It was Game 7 of the American League Championship in 2003.
The Red Sox led the Yankees 5-2 in the eighth inning. The Yankees were able to score three runs off a very tired Pedro Martinez to tie the game. A solo home run in the 11th inning won the game for the Yankees.
As much as any other moment, this truly conveys what it is to be a Sox fan. The inevitable acceptance of loss, the feeling that there is always next season, and that in the meanwhile we will cheer for whichever team beats the Yankees.
I feel the same way about politics today. I am frustrated that politicians can all agree on what the problems are, yet cannot find and implement solutions. I am irritated that special interests have such a tight grip on our government. I am discouraged that lobbyists in Washington and Augusta have out-sized influence over our elected officials.
As with a terrible baseball season, we voters/fans need to declare the season over and start looking ahead to the next one.
Election Day is Nov. 6, and that is our best chance to set things right. This is no time to be a lazy voter. We must do more than “throw the bums out” or choose “the lesser of two evils.”
We need to do something really radical, and that is to put ourselves right at the center of the election.
It is time to take Justice Louis Brandeis to heart. He said, “The most important political office is that of the private citizen,” and I think that is right.
We have just over three weeks to reach out to candidates who seek to represent us and let them know that we need to get this state and this country on a better track. We need to agree on some big changes to ensure the long-term success of our representative democracy. We need to find out, when it comes to the fundamental issues of our elections and our governance, whose side are they on?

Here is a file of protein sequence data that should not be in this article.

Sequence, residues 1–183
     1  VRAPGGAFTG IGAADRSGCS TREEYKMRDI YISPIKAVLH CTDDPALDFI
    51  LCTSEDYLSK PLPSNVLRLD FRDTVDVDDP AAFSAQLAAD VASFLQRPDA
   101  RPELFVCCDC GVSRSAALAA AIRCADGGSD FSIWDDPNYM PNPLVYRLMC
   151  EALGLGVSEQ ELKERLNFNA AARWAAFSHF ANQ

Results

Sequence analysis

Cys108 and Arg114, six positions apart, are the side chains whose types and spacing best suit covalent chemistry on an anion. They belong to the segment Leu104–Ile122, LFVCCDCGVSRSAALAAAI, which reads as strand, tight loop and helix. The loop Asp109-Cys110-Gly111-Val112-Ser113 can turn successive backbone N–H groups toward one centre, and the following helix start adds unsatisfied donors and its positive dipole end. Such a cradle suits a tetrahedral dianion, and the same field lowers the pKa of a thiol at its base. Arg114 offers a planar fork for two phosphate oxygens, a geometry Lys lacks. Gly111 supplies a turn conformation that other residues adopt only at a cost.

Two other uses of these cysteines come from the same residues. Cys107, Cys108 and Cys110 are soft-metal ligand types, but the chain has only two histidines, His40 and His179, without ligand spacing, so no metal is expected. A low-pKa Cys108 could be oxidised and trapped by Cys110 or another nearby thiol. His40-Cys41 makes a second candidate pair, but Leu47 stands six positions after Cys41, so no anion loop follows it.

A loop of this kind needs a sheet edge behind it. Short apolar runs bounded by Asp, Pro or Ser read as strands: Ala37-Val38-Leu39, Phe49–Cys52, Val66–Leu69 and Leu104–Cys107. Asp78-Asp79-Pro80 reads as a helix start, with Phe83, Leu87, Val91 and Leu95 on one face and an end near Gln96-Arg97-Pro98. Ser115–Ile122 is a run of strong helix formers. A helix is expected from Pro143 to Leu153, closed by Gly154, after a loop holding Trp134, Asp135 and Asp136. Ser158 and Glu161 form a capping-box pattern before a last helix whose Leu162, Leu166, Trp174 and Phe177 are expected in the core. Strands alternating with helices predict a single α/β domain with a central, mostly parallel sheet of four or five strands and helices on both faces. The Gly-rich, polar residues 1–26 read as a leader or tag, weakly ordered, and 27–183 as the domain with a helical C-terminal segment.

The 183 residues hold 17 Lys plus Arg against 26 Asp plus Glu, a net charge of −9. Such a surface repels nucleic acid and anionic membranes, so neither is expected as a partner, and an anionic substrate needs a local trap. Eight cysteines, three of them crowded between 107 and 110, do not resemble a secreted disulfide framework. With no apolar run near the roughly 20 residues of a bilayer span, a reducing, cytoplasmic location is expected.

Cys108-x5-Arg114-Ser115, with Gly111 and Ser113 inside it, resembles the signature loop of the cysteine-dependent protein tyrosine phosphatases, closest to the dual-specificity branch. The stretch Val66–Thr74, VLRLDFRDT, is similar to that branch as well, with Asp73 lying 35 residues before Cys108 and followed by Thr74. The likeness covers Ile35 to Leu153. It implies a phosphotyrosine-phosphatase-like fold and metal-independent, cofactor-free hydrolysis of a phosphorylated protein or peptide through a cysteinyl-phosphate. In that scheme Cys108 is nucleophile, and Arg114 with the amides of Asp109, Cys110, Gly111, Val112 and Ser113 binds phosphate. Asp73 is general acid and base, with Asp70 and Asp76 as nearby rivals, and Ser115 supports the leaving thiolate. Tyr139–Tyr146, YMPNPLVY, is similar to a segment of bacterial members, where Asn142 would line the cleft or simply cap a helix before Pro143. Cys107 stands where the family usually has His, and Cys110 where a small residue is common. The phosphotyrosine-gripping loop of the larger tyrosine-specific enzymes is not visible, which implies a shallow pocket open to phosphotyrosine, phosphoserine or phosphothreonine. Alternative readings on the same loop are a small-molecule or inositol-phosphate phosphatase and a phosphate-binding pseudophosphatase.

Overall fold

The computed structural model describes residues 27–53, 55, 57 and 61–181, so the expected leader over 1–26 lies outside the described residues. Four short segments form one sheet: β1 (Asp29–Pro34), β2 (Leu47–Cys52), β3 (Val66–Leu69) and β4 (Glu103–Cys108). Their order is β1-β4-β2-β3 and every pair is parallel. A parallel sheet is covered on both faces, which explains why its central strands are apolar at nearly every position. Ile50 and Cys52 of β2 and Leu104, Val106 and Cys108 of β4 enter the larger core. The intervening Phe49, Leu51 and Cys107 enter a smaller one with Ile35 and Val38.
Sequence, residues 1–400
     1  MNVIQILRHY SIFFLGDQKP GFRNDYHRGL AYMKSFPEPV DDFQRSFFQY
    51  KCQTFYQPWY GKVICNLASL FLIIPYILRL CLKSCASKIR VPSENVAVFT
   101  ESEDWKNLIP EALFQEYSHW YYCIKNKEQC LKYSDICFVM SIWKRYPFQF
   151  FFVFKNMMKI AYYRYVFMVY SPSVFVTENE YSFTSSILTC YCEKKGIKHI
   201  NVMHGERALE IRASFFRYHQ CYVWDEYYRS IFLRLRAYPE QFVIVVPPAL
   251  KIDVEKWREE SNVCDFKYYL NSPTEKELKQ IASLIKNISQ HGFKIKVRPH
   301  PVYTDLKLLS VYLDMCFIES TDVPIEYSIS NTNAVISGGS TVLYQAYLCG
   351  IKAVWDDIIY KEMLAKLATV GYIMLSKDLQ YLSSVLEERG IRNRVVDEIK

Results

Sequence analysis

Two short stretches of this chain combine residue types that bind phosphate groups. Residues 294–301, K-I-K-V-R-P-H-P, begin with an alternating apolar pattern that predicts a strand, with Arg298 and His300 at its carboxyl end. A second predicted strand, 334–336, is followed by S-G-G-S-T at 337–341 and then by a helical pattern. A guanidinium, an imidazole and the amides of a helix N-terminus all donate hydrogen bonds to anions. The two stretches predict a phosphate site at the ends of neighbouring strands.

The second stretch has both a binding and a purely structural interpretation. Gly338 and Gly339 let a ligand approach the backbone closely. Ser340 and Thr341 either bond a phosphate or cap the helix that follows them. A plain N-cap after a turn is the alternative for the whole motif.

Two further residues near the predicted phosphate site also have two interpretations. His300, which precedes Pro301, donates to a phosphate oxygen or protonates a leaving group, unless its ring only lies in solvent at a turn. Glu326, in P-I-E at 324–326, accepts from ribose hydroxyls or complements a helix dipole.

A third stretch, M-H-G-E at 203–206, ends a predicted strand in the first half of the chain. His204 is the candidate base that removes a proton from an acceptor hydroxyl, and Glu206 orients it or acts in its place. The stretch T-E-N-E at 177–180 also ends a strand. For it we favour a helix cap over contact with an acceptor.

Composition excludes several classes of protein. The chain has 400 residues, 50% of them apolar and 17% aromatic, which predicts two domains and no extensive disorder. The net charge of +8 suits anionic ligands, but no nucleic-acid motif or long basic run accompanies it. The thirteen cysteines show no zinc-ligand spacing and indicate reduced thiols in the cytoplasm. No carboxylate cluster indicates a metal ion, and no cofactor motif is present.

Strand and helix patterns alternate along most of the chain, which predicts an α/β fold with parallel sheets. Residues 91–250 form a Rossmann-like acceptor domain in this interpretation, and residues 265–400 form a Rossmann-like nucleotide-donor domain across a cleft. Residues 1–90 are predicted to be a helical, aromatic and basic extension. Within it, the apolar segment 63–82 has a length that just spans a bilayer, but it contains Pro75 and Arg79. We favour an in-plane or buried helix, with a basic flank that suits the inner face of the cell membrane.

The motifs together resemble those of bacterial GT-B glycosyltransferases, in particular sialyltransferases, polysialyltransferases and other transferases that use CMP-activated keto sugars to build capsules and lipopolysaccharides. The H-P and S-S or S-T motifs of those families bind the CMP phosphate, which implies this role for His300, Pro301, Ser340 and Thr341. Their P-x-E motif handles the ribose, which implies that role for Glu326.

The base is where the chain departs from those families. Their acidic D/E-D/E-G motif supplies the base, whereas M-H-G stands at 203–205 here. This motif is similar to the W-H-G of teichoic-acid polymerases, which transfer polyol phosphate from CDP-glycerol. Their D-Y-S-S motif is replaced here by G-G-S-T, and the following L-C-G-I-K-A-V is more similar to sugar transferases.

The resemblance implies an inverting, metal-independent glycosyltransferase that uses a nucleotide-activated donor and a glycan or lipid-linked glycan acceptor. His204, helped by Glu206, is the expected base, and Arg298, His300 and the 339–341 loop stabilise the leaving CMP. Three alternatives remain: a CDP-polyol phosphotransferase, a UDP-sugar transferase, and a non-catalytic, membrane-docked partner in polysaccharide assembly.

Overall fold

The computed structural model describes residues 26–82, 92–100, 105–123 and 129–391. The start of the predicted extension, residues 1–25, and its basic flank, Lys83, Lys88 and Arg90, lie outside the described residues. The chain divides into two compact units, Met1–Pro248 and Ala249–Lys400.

Do they stand with the five-member majority on the U.S. Supreme Court who believe that the unfettered spending of corporate money in elections is demanded by the Constitution?
Or do they believe, as I do, that the unchecked flow of special interest money into elections is a big problem?
In my view, the U.S. Supreme Court has done this country a great disservice. Under Chief Justice Roberts, revisiting long-held precedents in cases such as Citizens United v. FEC has been a priority of the court. The result is a steady erosion of legislative reforms of campaign finance, all aiming toward the same goal: an unregulated free-for-all of spending in campaigns.
I am all for free speech, but I don’t think elections suffered from a dearth of money or advertising prior to Citizens United. And I don’t think the avalanche of outside spending in the current cycle is creating a more informed electorate. The question for candidates is, now that a century’s worth of reform has largely been set aside, what is next?
Maine has been ahead of the curve on campaign reform, and we have enjoyed the many benefits of the Clean Election system for more than 10 years. But the 125th Legislature weakened the system, making it less viable for candidates in hotly contested races. The same Legislature also gutted money for the program in the budget.
So I will ask state candidates whether they support restoring the Clean Election system and the Clean Election Fund so that this citizen-initiated law can work as voters intended.
Without fans there would be no baseball; and without citizen involvement, there is no democracy. It is not enough to shrug our shoulders and wait for next season. It is up to us to force a much-needed discussion about whether money equals speech; whether corporations have the same free speech rights as people; and whether voters have the right to know who is behind election ads.
With the election on the horizon, voters must bring these big, fundamental issues to the candidates.
Unlike baseball, politics is not a spectator sport. As the old adage goes: Democracy belongs to those who show up.
Ben McCollister is the former chairman of the SAD 21 Board of Directors. He has served as a selectman in Canton. A long-time resident of Canton, he works as a systems analyst for the state of Maine DAFS/OIT.